For most individuals, working to grow the leg muscles, specifically the calves, is a great challenge. The seated calf raise is one of the most well-known exercises developed to target the muscles in the calves, primarily the soleus muscle. However, doing this exercise alone will not maximize the potential growth of the calves.
There are numerous alternatives to the seated calf raise exercise that works more than just the soleus muscle. These alternative exercises may be performed with or without the use of weights or machines. Examples of these alternative exercises include jumping rope, standing calf raises, squat hold calf raises, and calf raises on a leg press machine.
Knowing the alternatives to the seated calf raise exercise allows individuals to modify their training program depending on their needs. While alternative exercises target the same area of the body, these exercises help maximize potential muscle growth.
Calf exercises are often applied in training programs to increase leg muscle size. However, training the calves also proves to be important in daily activities as this improves the force of plantar flexion. Plantar flexion is a movement required in almost all types of sporting events as well as mundane day-to-day activities such as standing on the tips of the toes and pressing down on the car pedals while driving.
The seated calf raise is one exercise that targets the calves, with primary use of the soleus muscle. It is performed by sitting on a chair, feet placed hip width apart, and heels positioned behind the knees. The heels should then be lifted off the ground, leaving the toes in contact with the floor. This position is briefly held followed by gentle lowering down of the heels. The seated calf raise may be done using bodyweight only, dumbbells placed above the knees, or with the help of machines.
The gastrocnemius and soleus muscles make up the bulk of the calf muscles. Seated calf raises put more emphasis on the soleus muscle due to having the knees bent all throughout the exercise. The following alternatives will train both components of the calf muscles to maximize its growth potential.
Jumping rope utilizes muscles that the seated calf raises miss. It builds endurance for the calf muscles, as well as strength and coordination. Furthermore, jumping rope provides endless variations to keep the exercise challenging.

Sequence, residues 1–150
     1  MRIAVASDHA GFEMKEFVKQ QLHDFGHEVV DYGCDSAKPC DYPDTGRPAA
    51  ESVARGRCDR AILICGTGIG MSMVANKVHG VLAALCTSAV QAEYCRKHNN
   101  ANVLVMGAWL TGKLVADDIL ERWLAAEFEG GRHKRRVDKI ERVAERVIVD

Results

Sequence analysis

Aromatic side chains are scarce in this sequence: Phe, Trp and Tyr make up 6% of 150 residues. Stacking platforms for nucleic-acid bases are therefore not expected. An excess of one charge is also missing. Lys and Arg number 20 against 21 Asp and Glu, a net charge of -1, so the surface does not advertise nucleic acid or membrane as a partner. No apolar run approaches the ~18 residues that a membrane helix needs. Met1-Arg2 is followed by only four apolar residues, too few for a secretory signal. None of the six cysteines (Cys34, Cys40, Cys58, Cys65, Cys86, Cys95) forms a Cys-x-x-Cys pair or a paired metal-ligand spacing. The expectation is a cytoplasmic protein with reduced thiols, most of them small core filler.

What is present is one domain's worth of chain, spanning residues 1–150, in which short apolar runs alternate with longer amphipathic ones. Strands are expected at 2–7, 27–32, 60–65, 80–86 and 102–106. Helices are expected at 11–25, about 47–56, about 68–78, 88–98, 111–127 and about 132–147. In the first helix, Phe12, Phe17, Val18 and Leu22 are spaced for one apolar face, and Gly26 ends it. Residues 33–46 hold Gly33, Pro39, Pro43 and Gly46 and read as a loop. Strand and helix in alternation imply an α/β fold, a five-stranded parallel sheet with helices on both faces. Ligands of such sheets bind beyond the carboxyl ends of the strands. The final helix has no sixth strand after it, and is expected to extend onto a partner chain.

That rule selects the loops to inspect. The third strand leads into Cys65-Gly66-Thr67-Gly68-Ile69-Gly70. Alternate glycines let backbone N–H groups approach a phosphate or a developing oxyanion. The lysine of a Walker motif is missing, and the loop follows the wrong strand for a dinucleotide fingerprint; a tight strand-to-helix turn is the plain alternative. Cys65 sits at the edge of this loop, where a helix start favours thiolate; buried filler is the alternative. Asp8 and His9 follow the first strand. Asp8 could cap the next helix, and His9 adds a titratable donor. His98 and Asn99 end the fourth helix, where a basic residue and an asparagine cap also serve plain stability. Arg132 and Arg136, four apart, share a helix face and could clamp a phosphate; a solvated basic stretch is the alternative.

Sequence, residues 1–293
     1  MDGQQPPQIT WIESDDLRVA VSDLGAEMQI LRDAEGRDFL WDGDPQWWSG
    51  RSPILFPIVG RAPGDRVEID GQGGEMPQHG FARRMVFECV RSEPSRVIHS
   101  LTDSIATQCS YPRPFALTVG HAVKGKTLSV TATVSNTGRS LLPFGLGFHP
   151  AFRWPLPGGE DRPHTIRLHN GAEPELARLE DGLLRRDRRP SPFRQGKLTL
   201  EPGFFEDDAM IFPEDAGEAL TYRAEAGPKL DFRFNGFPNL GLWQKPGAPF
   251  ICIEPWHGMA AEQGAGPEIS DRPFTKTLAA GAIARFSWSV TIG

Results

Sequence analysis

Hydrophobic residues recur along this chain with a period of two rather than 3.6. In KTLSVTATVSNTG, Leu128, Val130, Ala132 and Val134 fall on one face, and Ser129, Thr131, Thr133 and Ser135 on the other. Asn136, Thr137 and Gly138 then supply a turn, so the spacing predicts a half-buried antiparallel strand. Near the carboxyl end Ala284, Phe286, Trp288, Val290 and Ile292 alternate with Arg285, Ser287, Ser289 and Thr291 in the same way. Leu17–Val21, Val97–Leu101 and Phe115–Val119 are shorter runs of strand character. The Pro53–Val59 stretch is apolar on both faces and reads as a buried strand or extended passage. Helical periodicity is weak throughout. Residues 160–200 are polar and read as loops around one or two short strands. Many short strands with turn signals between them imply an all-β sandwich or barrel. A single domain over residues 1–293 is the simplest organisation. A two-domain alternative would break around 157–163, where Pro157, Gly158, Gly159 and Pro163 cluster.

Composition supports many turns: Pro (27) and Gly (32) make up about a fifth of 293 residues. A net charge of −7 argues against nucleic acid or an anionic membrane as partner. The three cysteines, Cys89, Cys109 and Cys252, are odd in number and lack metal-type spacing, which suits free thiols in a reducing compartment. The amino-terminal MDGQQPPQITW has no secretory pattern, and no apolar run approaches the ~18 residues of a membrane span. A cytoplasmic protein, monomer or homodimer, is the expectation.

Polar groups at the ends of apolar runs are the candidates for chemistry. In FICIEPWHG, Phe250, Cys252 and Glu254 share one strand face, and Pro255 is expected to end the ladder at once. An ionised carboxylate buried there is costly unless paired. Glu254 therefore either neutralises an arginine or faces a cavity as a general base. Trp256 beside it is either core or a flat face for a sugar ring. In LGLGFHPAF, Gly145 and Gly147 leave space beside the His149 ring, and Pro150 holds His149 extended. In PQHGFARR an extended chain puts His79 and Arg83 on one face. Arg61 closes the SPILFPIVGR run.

To jump rope, the individual must first make sure that the rope is the appropriate length for their height. Standing with the feet and knees together, the rope is flicked over the head and passed under the feet by pushing the toes into a quick but gentle hop. The knees must remain slightly bent, to land softly and to keep it from locking. Jumping rope is usually performed before a workout for 10 minutes as part of the warm-up.
Single leg standing calf raises work both the gastrocnemius and soleus muscles through a full range of motion. This exercise works through the full range of motion allowed by the gastrocnemius and soleus muscles.
A single leg standing calf raise is performed by standing on the edge of an elevated platform such as a step on the stairs, with the hands placed on the railing for stabilization. The heel is lowered to the ground, then the body weight is pushed up until the individual is standing on the ball of their foot. This is held for one to two seconds, and then the heel is lowered down again. This process is repeated ideally 12 - 15 times per set.
Squat hold calf raise is a great alternative to the seated calf raise. It places the knees in a similar position as in a seated calf raise, but it works the gluteal muscles too. Squat hold calf raises works the soleus muscles more than the gastrocnemius, but a considerable amount of force is still produced by the latter.
This exercise is performed by having the individual assume a squat position, with the feet shoulder width apart, and hands in front or placed on the hips. While maintaining the squat position, the individual pushes up to stand on their tip toes and then back down to the ground. The activity is repeated 12 - 15 times without coming out of the squat.